You’ll most likely have guests staying the night at your place, and a sleeping bag is a space-efficient alternative to having spare blankets and a foam mattress.

10) Some mementos from home

For homesickness…

 

Leave behind: 

1) Scented candles

Most residences do not allow candles, incense, or anything else that could be a fire hazard in the rooms. A good alternative to keep your room smelling fresh is a steam essential oil diffuser.

2) Mini fridge, desk chair, a Wi-Fi router, etc.

These items are already provided in most residence rooms. You can check online to see a complete list of the furniture and amenities provided in each room of each different house.

3) Anything illegal

Note that this includes alcohol (if you’re under the legal drinking age), drugs, and weapons.

4) A TV or big video game consoles

Your room is going to be smaller than you think, and you’re not going to have space to keep large electronics – never mind a functional space to keep them in so that you can use them. Your laptop with a Netflix account is a better alternative.

5) Non-essential clothing

Be realistic about what you’re going to end up wearing most days. For many students, that’s T-shirts, leggings, sweatpants, jeans, hoodies, sweaters, runners, and flip-flops. Bring one or two fancy-dress items, for special occasions, and one or two workout sets. That’s all you really need. If you don’t wear fully-coordinated, high-fashion outfits to class now, you won’t miraculously begin when you start living in residence.

6) Stuffed animals

I’ll admit: I did this. I had an entire shelf of stuffed animals from my boyfriend or parents that I thought were super cute, but I’m sure my neighbours thought were… kind of weird. Besides that, you don’t actually need them. Stuffed animals are bulky and inconvenient to pack and will mostly just sit on your shelf collecting dust.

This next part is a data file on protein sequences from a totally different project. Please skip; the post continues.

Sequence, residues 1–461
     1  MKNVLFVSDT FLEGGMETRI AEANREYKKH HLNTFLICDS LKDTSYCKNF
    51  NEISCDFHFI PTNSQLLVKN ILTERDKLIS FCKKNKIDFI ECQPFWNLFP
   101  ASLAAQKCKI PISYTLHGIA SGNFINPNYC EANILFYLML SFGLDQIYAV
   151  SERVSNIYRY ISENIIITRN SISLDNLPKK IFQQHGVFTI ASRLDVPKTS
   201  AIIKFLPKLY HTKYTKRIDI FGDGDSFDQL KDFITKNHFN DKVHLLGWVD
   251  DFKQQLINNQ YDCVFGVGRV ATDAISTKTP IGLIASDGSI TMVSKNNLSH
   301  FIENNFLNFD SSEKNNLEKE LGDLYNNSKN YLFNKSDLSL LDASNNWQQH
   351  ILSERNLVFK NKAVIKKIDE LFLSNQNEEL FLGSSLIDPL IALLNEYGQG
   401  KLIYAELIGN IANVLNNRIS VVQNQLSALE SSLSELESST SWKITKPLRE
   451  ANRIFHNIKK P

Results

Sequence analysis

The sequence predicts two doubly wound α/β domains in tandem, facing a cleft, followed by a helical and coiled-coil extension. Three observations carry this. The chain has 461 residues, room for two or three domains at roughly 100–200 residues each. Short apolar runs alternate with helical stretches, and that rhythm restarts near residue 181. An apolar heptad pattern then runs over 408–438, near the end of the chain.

7) Your entire book collection

Like stuffed animals and clothing, we tend to overestimate how much we think we’ll need. I’m an avid fiction reader, but during the semester I only read a handful of books. After hundreds of pages of readings for class, you’ll probably be more interested in watching Netflix, so pack three or four of your favourite books, or make use of the SFU Library’s fiction section.

8) A million decorative throw pillows

I know Pinterest dorm room inspiration has got you thinking you need a fancy headboard and 600 decorative pillows, but after a few weeks, these pillows will become an inconvenience, and you’ll probably just shove them under your bed until you move out.  

9) Getting to residence in the first place

When you’re moving in, also avoid huge packing bins and boxes. You know what I’m talking about: those giant, plastic blue bins. They’ll seem great when you’re leaving your parent’s house — all your stuff organized in one place! Upon arrival, and once you unpack, you’ll realize you have nowhere to store these hulks and they’ll spend the next few months getting in your way. Disposable cardboard boxes or reusable bags that can be folded up and put away are much better.